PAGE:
Pityriasis rosea - Symptoms of pityriasis rosea
NHS Choices Medical Reference
In most cases, the first sign of pityriasis rosea is a red, circular patch of scaly skin about 2-5cm across, which usually appears on the trunk (the body, excluding the head, neck and limbs). This initial plaque is known as the 'herald patch', and is sometimes mistaken for ringworm or psoriasis. It fades to pink after a while, and shows an outer ring of scaling. It is not always noticeable.
Around this time, you may have a mild headache and feel tired.
Several days later, the skin breaks out into a secondary rash made of smaller (1-2cm) oval scaly patches. Like the herald patch, the plaques are pink with an outer ring of scaling. It may look alarming, but it is completely harmless.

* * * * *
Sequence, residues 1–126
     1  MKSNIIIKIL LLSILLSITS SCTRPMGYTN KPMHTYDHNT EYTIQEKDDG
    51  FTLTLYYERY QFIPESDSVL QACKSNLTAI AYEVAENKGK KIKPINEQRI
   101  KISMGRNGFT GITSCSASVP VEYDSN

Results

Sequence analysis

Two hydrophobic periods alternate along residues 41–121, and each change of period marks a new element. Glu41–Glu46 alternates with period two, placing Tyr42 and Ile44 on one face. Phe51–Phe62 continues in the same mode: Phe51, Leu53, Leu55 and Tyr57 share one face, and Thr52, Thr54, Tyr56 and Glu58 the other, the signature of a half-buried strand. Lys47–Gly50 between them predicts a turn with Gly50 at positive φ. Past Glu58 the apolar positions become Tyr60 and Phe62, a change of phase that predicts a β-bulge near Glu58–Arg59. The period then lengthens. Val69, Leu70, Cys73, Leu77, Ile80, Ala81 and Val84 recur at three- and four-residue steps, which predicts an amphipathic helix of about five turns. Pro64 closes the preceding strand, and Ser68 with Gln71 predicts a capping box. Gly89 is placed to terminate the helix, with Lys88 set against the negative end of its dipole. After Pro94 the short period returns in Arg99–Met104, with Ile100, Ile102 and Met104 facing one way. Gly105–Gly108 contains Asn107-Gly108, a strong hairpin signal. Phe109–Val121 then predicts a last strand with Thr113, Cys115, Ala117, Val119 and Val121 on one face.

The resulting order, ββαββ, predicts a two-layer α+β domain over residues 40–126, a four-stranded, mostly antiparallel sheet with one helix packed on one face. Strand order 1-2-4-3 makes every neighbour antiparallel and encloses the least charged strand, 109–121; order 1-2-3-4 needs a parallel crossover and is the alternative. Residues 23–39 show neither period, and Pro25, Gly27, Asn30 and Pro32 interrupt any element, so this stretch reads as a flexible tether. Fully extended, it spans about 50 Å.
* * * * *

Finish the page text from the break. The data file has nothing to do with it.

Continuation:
The rash can cover the neck, shoulders, trunk, upper arms and upper thighs, but usually avoids the face. In some people, it reaches the legs and forearms.
The plaques form a 'Christmas tree pattern' - they run in lines downwards and outwards from the centre of your body.
In the following two to six weeks, more plaques appear. They then disappear on their own, usually within eight weeks, without leaving a scar. Some people may have marks of skin discolouration for a few months.
The rash is painless, but in about 50% of people it is itchy.